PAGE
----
Trekking around Mt. Fitzroy – chasing the shot(?)

In which we climb to a ridge for a view of ‘The Fitzroy traverse’ at dawn, and meet the mountain’s legends.

'Summit' ridge at dawn. WINDY
‘Summit’ ridge at dawn. WINDY

Another weather check, another pensive look exchanged. 24 hours. We pack bags, check food, water and waterproofs and set off in light rain from the far end of Chalten in late afternoon. The plan is simple: a 10k hike to the foot of a ridge ascent that promises panoramic views of the Fitzroy skyline.

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Surviving the long drives 

It’s now been a month and a bit that we’ve been travelling and we have almost perfected the art of in car entertainment. Two people, spending every waking hour together, stuck in a small confined and dusty place… it ain’t easy. Here are our tips for long drives and how to survive them.


They are life saviours and tend to give rise to interesting follow on conversation (i.e. More entertainment opportunities). Our favourites are

  1. The Tim Ferriss podcast where Tim interviews a series of people from all walks of life, some of them famous, some of them not who have something to say. One of our favourites is the Alex Honnold one (obviously) though one of this latest on “Tools of Titans” also generated quite a lot of conversation.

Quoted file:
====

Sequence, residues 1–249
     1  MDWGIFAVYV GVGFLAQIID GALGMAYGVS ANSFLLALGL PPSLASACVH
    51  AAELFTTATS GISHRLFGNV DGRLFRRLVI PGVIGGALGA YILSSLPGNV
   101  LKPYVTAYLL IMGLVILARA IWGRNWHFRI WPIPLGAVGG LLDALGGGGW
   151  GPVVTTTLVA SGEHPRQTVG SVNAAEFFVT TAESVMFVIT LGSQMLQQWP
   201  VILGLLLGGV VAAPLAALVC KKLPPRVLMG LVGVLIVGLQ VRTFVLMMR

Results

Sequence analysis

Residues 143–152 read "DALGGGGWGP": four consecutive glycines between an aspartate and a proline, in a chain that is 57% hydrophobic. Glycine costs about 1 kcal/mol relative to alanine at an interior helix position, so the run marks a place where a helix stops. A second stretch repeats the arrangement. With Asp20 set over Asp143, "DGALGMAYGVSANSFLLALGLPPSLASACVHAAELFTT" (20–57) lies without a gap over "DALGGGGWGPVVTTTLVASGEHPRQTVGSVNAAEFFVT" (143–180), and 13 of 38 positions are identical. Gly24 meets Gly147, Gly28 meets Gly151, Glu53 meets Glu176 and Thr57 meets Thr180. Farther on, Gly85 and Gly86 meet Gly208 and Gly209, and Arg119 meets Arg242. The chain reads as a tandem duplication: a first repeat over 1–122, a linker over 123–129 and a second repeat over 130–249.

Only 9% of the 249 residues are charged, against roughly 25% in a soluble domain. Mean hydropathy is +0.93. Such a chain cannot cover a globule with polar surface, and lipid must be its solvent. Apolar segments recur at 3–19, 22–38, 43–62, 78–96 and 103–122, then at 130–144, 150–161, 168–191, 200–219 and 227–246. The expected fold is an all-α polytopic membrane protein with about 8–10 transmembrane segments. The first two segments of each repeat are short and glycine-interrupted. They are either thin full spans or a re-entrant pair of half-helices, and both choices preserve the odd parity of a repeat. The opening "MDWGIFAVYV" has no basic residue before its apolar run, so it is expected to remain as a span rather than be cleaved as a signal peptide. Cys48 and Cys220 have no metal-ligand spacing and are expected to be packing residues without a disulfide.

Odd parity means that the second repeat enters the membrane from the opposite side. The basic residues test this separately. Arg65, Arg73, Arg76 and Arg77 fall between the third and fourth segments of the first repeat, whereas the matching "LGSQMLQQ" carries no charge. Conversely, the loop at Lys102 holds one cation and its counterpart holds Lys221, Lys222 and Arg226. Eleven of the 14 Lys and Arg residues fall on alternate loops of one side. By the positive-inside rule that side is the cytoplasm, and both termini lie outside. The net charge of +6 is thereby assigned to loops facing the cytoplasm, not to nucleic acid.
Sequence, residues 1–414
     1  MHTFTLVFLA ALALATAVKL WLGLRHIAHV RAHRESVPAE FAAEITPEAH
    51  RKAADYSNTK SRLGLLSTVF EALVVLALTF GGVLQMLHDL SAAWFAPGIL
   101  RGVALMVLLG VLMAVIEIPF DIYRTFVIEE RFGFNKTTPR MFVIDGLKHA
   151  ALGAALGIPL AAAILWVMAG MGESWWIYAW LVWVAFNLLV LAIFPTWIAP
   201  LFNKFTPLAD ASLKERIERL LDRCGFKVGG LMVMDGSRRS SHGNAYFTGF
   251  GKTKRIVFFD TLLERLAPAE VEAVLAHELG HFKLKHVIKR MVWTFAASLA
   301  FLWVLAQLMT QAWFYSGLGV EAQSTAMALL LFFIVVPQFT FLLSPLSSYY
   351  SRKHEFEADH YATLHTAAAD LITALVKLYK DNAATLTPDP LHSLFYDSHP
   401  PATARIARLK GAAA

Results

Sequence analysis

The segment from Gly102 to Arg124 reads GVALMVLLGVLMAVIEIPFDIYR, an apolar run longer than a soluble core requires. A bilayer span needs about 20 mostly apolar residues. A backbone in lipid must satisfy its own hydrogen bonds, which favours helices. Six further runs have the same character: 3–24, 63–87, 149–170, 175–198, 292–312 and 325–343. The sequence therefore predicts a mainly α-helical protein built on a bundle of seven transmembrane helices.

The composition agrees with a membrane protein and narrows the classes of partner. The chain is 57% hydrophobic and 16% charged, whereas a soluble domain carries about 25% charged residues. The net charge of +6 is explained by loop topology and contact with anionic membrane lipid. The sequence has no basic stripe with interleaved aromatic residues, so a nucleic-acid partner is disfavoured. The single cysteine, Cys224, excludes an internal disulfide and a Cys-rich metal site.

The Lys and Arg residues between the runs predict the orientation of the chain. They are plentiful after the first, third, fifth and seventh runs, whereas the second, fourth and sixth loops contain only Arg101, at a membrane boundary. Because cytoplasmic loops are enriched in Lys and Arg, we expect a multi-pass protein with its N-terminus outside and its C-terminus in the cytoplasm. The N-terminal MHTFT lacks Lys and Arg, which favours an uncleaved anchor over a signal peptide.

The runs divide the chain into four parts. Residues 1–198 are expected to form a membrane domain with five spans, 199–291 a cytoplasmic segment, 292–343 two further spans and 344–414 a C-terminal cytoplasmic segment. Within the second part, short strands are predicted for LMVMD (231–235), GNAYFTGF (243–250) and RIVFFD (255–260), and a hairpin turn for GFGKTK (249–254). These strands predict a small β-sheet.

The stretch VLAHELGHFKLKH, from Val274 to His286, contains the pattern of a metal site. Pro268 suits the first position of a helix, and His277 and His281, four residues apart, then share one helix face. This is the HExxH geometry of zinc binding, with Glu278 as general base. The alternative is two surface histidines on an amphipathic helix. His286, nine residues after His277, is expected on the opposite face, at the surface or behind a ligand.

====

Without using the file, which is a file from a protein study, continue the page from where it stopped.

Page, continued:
2. The My Dad Wrote A Porno podcast. Does what it says on the tin. It’s probably the worst porn book out there but the commentary from the son and his two friends is legendary. Loads of laughs, some of them tear-inducing.
  3. Desert Island Discs. A classic though for some reason the recording is not loud enough so on gravel roads (ie most of the time) we can barely hear what Kristy and her guests are saying.
  4. The Moth and The Story Club. Podcasts where storytellers (professionals or not) narrate stories from their lives in open mike events. Random content but always very interesting.

20 questions.

Old school game, we play it often on long journeys to Font. Think of someone (dead or alive, real or fictional character) and the other person has 20 yes/ no questions to guess heir identity. We have recently narrowed down the scope to “people of note”; people that we think each other should know for their contributions to humanity / history. Choices have included Ansel Adams, Ada Lovelace, Lord Elgin.

Photo shoots.

I have become a master of spotting interesting pictures and Andy is always up for shooting things. Admittedly this often adds an hour or more to our drive or results in me posing barefoot with a flimsy dress in the middle of a muddy path – but it’s fun and yet another topic of conversation.